My Ugly Duckling Home Renovation

An ugly duckling home renovation appears on our TV screens a couple of times a week, but I took on a unique challenge when I bought this almost dead kit home in Gympie Queensland from a family who wanted to move into a shed!!! Now this was no easy DIY home improvement, weekend warrior action. This was a full time reno that took us four full months, and showed me how a deteriorated and unmaintained ugly duckling could be transformed into a shining star.

I've set up the graphics into 'before' and 'after' to show how dramatically the house interior and exterior was changed. My DIY home renovation ideas were pretty basic, but revolved around upgrading, renewing and or replacing. I painted, added under house 'skirts', replaced the shower, vanity and all flooring, and installed a flat-pack kitchen. I also replaced the drinking water tank, erected a carport and made numerous landscaping and gardening upgrades.

As far as Kit Homes go, this was a 2 bedroom basic design that had an extra bedroom extension. The exterior was pretty ugly fibrous cement cladding that had never been painted. It had dirt, mould and every spider nest imaginable.

So it needed a solid clean off, some hole sealing, the odd nail and some corner edging replaced. I needed to apply a sealing coat before a few coats of cream exterior gloss and dark green for the fascia and gutters.

I also added a simple pergola over the front entrance. Go to my DIY Pergola  pages to help with design and construction. 

I also installed paling under 'skirts' to cover up and dress up the exterior.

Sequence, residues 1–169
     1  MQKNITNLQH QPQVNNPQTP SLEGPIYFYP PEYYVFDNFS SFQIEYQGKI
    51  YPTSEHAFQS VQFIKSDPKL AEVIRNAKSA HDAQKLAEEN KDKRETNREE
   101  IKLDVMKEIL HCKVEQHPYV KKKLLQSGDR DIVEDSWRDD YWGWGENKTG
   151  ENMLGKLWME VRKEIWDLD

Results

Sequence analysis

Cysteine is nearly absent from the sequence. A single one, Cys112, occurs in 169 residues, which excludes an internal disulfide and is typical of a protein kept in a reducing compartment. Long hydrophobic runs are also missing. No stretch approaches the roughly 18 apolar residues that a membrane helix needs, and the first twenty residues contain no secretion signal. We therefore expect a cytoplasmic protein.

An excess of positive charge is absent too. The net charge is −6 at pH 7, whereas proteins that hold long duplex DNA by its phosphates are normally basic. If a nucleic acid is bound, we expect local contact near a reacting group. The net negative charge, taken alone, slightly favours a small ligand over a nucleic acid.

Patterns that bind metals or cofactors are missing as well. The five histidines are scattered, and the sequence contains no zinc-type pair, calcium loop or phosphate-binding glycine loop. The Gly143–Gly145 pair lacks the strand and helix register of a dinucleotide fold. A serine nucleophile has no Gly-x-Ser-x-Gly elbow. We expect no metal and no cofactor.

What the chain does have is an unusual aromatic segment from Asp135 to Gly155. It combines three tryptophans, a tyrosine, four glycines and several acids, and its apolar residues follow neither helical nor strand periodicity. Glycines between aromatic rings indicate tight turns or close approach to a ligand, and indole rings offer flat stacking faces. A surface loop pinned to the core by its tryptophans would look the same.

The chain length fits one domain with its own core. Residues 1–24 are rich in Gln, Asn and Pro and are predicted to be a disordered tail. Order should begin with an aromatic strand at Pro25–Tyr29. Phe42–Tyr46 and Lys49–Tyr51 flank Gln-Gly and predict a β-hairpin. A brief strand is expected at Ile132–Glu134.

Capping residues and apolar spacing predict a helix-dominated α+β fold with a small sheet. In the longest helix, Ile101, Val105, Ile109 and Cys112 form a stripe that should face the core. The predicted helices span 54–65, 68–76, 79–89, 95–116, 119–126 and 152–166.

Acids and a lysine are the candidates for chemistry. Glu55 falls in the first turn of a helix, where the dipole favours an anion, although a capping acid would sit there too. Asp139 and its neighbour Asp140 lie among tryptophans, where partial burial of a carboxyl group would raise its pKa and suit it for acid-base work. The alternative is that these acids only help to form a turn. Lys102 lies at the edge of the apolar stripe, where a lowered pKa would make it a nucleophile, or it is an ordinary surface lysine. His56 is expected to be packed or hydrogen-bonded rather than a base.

Renovated Kit Home

Around the back it was a disaster. This ugly duckling was showing its spots.  Even the railings were raw..never painted,  so were in major disrepair due to water damage. A post had to be replaced and two downpipes. Some steel post stirrups had to be renovated (de-rusted and etch primed).

A lot of weeding and ground dirt removal was required to help with the skirt placement.

Many palings needed to be replaced and a few step treads. I threw away the blind and installed the longer 'skirts' under the bearers. I also installed a better set of gates to the rear under storage area.

Complete cleaning, sealing and two coats of paint went on the walls, fascias, gutters, verandah palings, skirts and stairs.

The end wall was on show to the world, but was basically very boring. The steel tank had numerous rust holes in it and needed replacing as did the water pump. 

The installed paling skirts along the side improved the look no end, mostly by hiding the storage area.I later painted them dark green.

The second 'after' pic also shows the newly installed two bay carport over a 6 x 6 metre concrete pad with a newly laid road-base driveway.

I had the old steel tank removed and installed 'Poly' water-tank, which I laid on a raised and firmed off pad. I rearranged the downpipes and installed a new water-pump.

The kitchen, well it was another disaster. First problem was we had no water-remember the pump had died and the tank was leaking.